I’ve just got back from the most mind-blowing conference I’ve ever been to. Keep It Simple, Make It Fast, is a conference/music and literary festival/art show organised around DIY cultures, Spaces, Places. Events were held across various venues in Porto, bringing together academic presentations, some celebrity guests, live performances, exhibitions with daily book launches and a summer school. The event is convened by Paula Guerra and Andy Bennett with an incredible team of international volunteers. I went with my Subcultures Network army (Matt Worley, Petes Webb and Ward, David Wilkinson and stayed in a seminary with the Punk Scholars Network and Steve Ignorant from Crass).
I’ve been out of the country for a week at a great workshop in Berlin “How to Write and Conceptualize the History of Youth Cultures” organised by Felix Fuhg, Doctoral Student, with the Centre for Metropolitan studies. I was travelling with the histrrry girls and The Subcultures Network, so there were Harringtons. There are always Harringtons. We spent one day working and talking in the Archiv der Jugendkulturen. Its an incredible community archive and library that has brought together all the different traces of resistance in youth culture and subcultures. From magazines made by school pupils to the Love Parades’ backdrops and giant cut outs of Nena – the transational and hyper local are boxed up together and are being carefully catalogued by local participant experts in each scene.
In the end I watched it because Catherine Grant very kindly invited me to speak at an event that she organised with Diarmaid Kelliher, on Pride and its Precursors and I was too honoured, and too embarrassed, to say no. When the film first came out I ducked and dived out of numerous press requests to comment on it. I had toyed with the idea of presenting at the symposium without actually having watched the film, maybe as a sort of thought experiment. I’d floated the idea over drinks with the talented historian Ben Jones from UEA but lost my confidence after he described some of the scenes I might have missed out on (the alien invasion and massive shoot out at the end).
Earlier this month I attended two conferences in a week. Not great planning on my part but it was really interesting to move across geographical locations and organisational structures to ask in essence very similar questions but with very different answers. The first symposium I attended as a discussant was Rethinking Contemporary British Political History at Queen Mary’s Mile End campus organised by Dr Helen McCarthy. (The second was the Workshop on Voluntary Action and Philanthropy at Frankfurt University which I will write about later)
You can now access the open version of the online resource I produced for the history department at Sussex, Reflexivity and History . You should be able to log on as a guest.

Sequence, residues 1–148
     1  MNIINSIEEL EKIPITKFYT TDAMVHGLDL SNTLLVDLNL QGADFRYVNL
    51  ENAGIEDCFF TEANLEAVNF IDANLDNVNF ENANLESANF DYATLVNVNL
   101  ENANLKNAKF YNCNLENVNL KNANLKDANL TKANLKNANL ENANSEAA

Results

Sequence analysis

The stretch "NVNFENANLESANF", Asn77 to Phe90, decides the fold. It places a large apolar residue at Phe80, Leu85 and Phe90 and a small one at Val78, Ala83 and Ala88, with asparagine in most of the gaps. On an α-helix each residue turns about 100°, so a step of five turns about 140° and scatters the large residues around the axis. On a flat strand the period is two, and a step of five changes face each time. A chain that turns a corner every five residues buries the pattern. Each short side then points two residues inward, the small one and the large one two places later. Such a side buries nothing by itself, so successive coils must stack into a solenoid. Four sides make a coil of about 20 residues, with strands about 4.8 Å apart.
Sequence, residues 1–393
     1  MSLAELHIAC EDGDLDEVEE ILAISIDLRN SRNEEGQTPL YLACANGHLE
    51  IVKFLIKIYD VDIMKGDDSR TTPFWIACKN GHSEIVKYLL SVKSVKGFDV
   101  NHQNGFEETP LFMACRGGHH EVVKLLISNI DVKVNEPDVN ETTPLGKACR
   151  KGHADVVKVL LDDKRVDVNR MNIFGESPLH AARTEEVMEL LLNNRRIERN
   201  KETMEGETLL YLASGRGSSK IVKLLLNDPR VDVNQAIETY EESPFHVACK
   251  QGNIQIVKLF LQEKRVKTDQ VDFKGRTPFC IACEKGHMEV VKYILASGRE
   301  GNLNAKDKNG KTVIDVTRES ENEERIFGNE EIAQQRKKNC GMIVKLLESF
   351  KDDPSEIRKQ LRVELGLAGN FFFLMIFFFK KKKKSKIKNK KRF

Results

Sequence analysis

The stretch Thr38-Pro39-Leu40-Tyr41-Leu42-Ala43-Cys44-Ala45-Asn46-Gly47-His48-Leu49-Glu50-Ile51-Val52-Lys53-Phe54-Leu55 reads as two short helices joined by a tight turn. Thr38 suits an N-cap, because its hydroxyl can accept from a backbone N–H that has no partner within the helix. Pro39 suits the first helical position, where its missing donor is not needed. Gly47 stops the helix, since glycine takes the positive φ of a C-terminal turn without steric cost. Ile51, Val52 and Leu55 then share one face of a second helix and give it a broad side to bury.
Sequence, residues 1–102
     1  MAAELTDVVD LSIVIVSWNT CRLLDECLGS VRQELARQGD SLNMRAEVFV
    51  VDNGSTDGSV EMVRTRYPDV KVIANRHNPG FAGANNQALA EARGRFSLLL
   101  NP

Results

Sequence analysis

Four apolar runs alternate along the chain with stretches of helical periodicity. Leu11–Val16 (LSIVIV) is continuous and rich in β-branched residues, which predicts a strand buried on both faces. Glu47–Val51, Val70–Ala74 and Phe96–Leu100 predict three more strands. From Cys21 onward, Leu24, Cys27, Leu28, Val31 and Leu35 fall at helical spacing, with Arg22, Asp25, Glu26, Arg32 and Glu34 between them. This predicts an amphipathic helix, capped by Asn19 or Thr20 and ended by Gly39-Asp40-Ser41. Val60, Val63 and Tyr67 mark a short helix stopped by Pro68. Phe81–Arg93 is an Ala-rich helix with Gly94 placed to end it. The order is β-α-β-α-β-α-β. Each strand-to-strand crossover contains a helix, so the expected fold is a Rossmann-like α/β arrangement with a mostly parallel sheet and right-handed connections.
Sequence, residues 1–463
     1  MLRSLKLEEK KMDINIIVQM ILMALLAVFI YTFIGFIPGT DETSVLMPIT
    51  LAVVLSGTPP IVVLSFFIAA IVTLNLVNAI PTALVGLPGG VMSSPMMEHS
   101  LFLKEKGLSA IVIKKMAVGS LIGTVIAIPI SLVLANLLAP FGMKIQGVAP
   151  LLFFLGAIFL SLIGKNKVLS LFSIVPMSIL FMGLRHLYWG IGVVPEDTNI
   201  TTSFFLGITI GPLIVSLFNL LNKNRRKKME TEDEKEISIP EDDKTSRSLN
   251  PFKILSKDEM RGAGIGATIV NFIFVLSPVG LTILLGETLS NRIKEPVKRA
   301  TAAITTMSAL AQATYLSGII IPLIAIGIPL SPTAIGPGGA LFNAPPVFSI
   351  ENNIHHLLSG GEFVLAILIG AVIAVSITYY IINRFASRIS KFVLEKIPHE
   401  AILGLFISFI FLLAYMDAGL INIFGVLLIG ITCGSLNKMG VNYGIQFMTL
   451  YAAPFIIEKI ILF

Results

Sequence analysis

This post is about teaching reflexivity, and indeed teaching reflexively. However, in the way that messy discussions in history spill into one another this is also in many ways a continuation of my response to the Modern British Studies conference at Birmingham. One of the things I’ve been thinking about a lot are the implications of what happens when we put our personal into our political (or professional). I’ve warned about what I see as the dangers of over-investment, entitlement and exploitation in the last post. But I do need to have a word with myself. As a historian of identity I know that the self is a central part of my work, of all of our work. But I want to suggest that we should accord the role of the self, and the implications of that, the same careful thought as we do with the rest of our work. It is not enough to state our personal engagement, we need to think about what it means.
I was going to write a blog about Twitter, and voice and collectively generated knowledge, but this came out instead. It is a starting point, for thinking through #beforethedrugsrunout
This post was a response to a number of conversations, conferences and social situations which have turned into something of an obsession – just why are people so sniffy about music that girls like?
At the end of April 2014 I spoke at the History After Hobsbawm Conference as part of a panel on Marxist and post-Marxist social history. Fittingly, I presented a collaborative collective project on protest Political Protest and the Police: Young People in Brighton that I produced with Tom Akehurst and Louise Purbrick. We produced the report in response to what we had witnessed at the demonstrations in defence of further and higher education in 2011.